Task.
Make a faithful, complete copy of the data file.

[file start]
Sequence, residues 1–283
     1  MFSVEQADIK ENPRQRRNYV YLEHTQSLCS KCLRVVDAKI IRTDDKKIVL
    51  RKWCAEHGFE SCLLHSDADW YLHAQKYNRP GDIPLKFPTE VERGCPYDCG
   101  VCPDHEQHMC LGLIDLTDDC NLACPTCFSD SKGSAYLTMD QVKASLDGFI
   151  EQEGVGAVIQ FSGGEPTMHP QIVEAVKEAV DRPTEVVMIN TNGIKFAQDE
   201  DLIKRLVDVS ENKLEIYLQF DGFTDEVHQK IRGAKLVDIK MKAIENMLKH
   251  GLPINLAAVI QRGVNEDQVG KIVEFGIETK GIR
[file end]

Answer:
Sequence, residues 1–283
     1  MFSVEQADIK ENPRQRRNYV YLEHTQSLCS KCLRVVDAKI IRTDDKKIVL
    51  RKWCAEHGFE SCLLHSDADW YLHAQKYNRP GDIPLKFPTE VERGCPYDCG
   101  VCPDHEQHMC LGLIDLTDDC NLACPTCFSD SKGSAYLTMD QVKASLDGFI
   151  EQEGVGAVIQ FSGGEPTMHP QIVEAVKEAV DRPTEVVMIN TNGIKFAQDE
   201  DLIKRLVDVS ENKLEIYLQF DGFTDEVHQK IRGAKLVDIK MKAIENMLKH
   251  GLPINLAAVI QRGVNEDQVG KIVEFGIETK GIR